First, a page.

Somewhere in that same poem, he remembered, there had been advice relative to a man's contending to the uttermost for his life's set prize, though the end in sight were a vice. He shrugged his shoulders. It might be well enough to hold to that in Florence and the Middle Ages. It was highly impracticable for New Mexico and the nineteenth century. So many things left undone can be conveniently laid to the prosaic and materialistic tendencies of the age. Things were bad enough now鈥攆or Landor, for himself, and most especially for Felipa. But if one were to be guided by the romantic poets, they could conceivably be much worse.It was a strong door, built of great thick boards and barred with iron, but it must surely cede before fire and the blows. It wrenched on its huge hinges.
He struck his pony with the fringed end of the horse-hair lariat that hung around his pommel, and cantered on in the direction of the post. The pony had been found among the foot-hills, without any[Pg 218] trouble. That, at any rate, had been a stroke of luck. He had led it into the fort just at the end of guard-mounting, and had met a party of riders going out.
The words of a woman in a community where women are few carry almost the weight of inspiration. Be she never so hideous or so vile, she is in some measure a Deborah, and the more yet, if she be moved to the lust and love of revenge of the prophetess who sang[Pg 125] in the frenzy of blood drunkenness, "Blessed above women shall Jael the wife of Heber, the Kenite, be. Blessed shall she be above women in the tent."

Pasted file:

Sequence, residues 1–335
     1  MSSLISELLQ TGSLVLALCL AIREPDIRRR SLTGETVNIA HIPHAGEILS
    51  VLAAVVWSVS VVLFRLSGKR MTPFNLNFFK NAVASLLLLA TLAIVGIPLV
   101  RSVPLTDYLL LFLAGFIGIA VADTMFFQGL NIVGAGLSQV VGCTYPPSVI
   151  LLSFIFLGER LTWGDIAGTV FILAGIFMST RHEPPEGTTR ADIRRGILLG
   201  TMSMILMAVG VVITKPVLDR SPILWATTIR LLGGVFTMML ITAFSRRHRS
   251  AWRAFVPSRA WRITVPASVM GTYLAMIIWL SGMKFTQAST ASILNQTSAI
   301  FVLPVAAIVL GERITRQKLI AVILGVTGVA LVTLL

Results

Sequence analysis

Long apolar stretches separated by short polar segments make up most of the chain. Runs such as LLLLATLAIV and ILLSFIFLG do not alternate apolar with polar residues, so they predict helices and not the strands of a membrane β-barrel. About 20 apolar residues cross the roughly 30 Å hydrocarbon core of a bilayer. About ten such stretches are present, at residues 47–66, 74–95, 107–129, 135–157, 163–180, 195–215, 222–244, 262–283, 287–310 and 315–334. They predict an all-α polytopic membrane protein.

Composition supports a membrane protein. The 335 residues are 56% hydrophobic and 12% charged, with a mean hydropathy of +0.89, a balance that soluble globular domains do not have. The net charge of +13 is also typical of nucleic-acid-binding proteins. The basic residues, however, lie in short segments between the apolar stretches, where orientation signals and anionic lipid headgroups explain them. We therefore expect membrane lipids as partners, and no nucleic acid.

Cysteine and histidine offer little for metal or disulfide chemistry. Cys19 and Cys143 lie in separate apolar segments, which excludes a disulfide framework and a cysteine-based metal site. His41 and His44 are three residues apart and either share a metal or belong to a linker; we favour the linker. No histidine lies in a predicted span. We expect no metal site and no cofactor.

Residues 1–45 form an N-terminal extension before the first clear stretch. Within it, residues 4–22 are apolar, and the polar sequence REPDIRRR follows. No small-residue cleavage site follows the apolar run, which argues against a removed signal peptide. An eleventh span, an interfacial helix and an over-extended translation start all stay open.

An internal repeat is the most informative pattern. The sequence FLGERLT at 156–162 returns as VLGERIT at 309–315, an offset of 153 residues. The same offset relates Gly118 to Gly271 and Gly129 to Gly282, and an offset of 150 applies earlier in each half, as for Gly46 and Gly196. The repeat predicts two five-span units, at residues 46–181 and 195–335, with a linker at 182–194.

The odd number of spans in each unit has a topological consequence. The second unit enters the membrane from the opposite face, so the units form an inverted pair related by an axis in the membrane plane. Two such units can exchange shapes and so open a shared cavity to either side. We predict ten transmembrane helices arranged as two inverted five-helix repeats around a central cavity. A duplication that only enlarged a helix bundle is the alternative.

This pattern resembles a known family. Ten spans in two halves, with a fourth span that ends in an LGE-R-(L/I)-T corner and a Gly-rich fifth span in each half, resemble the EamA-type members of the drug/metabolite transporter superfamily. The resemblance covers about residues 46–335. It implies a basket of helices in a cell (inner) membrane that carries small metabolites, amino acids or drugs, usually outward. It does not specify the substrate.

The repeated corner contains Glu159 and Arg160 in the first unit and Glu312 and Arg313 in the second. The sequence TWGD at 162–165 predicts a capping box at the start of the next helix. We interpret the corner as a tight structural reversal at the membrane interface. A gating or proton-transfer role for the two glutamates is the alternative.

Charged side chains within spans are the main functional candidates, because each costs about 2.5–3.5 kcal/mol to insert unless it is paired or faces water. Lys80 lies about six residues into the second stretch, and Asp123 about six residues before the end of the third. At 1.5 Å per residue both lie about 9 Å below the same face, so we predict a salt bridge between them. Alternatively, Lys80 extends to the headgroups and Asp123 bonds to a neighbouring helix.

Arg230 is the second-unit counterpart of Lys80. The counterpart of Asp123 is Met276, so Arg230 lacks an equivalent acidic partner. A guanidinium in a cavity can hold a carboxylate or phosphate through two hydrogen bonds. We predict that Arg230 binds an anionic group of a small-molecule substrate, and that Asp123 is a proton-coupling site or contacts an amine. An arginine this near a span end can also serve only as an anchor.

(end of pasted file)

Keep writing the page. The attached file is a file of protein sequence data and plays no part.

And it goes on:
When Landor came in half an hour later he found her in her riding habit, sitting in front of the fire. She was still alone, and he felt instantly that there was more softness than ever before in the smile she gave him, more womanliness in the clinging of her hand. Altogether in her attitude and manner there was less of the restlessly youthful. He drew a chair beside hers, and settled back comfortably."Yes, we believe you," said the Apache; "but you may go away again." So he refused to be cajoled, and going upon the war-path, after much bloodshed, fled into Mexico.
There were only the bids to be taken out and steamed open. The lowest found, it was simple enough for the favored one to make his own a quarter of a cent less, and to turn it in at the last moment. But one drawback presented itself. Some guileful and wary contractors, making assurance twice sure, kept their bids themselves and only presented them when the officers sat for the final awarding. Certainly Brewster would have been wiser not to have been seen with the big civilian. During the two days that elapsed before the awarding of the contract, Landor thought about it most of the time.Her face lighted with the relief of a forgiven child, and she went to him and put her arms around his neck.
They shout back our peals of laughter,She glared at him, but she stopped short nevertheless, and, flinging down the stone she had been holding, stood up also. "All right, then. You've done with me, I reckon. Now suppose you let me go back to the camp."
"What's your name, young feller?" she demanded. Cairness was hurt. "Surely, Mrs. Lawton, you have not so entirely forgotten me. I am Charles Cairness, very much at your service." But she had forgotten, and she said so."They will kill me? Who will kill me, and what for?"详情